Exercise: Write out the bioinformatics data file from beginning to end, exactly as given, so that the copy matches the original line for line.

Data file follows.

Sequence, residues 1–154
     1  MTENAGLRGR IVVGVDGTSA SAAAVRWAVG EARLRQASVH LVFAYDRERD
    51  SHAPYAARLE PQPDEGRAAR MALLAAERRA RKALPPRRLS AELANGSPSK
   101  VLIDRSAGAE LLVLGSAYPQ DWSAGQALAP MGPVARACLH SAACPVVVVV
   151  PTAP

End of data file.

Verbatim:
Sequence, residues 1–154
     1  MTENAGLRGR IVVGVDGTSA SAAAVRWAVG EARLRQASVH LVFAYDRERD
    51  SHAPYAARLE PQPDEGRAAR MALLAAERRA RKALPPRRLS AELANGSPSK
   101  VLIDRSAGAE LLVLGSAYPQ DWSAGQALAP MGPVARACLH SAACPVVVVV
   151  PTAP